Health body hits out at proposed cuts to fertility service

PUBLISHED: 11:30 11 September 2017

Healthwatch Cambridgeshire

Healthwatch Cambridgeshire

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A health watchdog has criticised plans to reduce fertility services in Cambridgeshire as part of a round of budget cuts.

Healthwatch Cambridgeshire and Peterborough says the proposed funding cuts are against national guidance, will affect poor people the most and may not save the planned £700,000 from local NHS budgets.

The Cambridgeshire and Peterborough Clinical Commissioning Group (CCG), which makes decisions on spending in the health service, is proposing to stop paying for in-vitro-fertilisation (IVF) treatments, other than for patients undergoing cancer treatment and men who have a chronic viral infection (primarily HIV) and whose female partner does not. They have promised to review the decision in 2019.

A consultation on the proposal closed on July 31 and the CCG’s governing body was due to consider its decision as The Hunts Post went to press last night (Tuesday).

Healthwatch insists that saving money is the sole aim of the proposal by the commissioning group, which is under significant financial pressures.

Val Moore, Healthwatch chairman, said: “We recognise the significant financial pressures that the CCG is facing and the need to make difficult decisions about future health services.

“However, there was lost opportunity to have a broader conversation about the values underpinning cost-cutting. People will be concerned about what treatment or service may be considered for cuts next.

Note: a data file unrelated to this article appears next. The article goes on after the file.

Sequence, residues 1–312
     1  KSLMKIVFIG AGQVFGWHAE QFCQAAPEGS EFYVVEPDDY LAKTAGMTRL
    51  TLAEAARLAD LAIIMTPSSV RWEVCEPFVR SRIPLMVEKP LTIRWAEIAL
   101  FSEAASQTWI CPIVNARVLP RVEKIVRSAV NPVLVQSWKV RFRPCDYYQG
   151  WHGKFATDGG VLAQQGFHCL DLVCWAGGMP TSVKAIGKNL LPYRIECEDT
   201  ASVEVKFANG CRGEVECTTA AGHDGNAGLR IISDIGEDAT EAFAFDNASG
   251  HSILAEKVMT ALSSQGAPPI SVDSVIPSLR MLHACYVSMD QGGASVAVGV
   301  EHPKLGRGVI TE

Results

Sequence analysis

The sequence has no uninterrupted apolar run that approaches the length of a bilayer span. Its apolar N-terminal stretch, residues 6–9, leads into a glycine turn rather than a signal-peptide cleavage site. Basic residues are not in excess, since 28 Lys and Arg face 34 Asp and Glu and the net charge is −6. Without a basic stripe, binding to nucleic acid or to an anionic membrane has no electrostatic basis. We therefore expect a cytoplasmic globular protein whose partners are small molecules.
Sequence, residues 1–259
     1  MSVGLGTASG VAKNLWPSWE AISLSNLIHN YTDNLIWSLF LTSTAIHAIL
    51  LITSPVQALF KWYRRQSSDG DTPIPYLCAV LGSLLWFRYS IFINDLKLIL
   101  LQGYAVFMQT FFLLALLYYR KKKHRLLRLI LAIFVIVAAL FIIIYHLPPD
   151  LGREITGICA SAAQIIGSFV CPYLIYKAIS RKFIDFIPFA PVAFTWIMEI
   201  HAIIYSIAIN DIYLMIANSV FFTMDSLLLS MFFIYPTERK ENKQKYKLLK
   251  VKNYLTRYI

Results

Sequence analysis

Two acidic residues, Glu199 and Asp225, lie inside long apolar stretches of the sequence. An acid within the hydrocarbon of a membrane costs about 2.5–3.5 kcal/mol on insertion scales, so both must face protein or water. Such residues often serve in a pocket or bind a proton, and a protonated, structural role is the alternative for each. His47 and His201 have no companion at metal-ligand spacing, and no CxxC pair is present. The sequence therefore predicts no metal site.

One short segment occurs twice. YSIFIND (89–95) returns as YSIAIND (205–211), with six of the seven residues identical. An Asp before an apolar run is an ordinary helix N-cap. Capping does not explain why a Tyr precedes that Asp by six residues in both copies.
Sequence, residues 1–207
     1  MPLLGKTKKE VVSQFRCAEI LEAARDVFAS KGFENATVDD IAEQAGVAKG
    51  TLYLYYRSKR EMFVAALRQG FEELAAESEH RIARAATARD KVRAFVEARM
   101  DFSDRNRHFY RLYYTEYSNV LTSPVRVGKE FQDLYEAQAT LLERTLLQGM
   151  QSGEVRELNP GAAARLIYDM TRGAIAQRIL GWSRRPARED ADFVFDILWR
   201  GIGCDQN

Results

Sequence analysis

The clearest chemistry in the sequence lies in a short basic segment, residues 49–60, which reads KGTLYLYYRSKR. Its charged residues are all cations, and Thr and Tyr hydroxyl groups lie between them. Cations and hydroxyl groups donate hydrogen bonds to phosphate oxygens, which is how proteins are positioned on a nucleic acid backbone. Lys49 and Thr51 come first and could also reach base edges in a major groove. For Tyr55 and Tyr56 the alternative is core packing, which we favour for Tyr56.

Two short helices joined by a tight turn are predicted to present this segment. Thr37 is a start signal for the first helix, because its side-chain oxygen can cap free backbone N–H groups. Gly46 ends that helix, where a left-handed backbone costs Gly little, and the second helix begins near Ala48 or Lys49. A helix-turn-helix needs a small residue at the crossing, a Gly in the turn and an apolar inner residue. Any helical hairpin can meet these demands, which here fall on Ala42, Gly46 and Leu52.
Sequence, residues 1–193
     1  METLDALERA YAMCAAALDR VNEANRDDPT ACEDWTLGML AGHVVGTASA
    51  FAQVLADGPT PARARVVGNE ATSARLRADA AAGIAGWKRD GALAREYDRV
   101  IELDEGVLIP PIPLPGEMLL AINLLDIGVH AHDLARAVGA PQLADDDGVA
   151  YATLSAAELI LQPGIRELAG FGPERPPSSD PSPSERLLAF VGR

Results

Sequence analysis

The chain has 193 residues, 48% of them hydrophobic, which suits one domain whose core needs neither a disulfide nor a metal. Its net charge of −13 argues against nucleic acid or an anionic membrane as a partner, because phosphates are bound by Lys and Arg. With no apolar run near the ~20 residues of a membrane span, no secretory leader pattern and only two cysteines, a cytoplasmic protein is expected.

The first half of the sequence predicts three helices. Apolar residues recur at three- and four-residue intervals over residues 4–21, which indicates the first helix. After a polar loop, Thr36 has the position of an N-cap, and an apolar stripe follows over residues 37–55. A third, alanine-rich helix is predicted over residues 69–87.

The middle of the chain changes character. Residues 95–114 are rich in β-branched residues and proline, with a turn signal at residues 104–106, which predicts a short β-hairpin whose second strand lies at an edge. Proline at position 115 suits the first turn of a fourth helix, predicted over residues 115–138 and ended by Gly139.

“The CCG’s proposal does not follow the National Institute for Health and Care Excellence (NICE) guidance on fertility treatments. This recommends that women under 40 years receive three full cycles of IVF, and women aged 40-42 receive one cycle.”

Sandie Smith, Healthwatch chief executive, said: “The proposed cuts will have a significant impact on the small number of people who will be affected, particularly those who cannot afford to pay for private treatment.

“There are also worries that this will affect these individuals’ mental health. A survey from Fertility Network UK last year, showed that 90 per cent of people affected by infertility admitted to feelings of depression and 42 per cent of even feeling suicidal.

“The CCG may not save as much money as they think and costs to the local NHS may even increase, as patients are likely to go for IVF treatment overseas. This is more likely to result in multiple births which will cost the NHS more.”

Dr Gary Howsam, chairman of the CCG, said: “We have to make some very difficult decisions about how best to spend our allocation. We have a growing demand for all types of healthcare services, as well as a significant deficit to clear. We are now in the difficult position where we have to evaluate every service we commission.”

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